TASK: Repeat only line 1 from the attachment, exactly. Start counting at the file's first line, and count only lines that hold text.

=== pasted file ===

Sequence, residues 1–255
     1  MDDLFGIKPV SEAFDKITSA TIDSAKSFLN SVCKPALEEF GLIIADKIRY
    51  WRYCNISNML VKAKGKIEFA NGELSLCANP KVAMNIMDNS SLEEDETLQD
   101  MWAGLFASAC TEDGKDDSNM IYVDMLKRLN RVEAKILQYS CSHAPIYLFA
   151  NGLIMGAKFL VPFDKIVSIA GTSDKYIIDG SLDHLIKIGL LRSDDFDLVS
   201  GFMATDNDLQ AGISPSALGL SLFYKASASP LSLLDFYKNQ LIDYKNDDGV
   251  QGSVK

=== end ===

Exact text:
Sequence, residues 1–255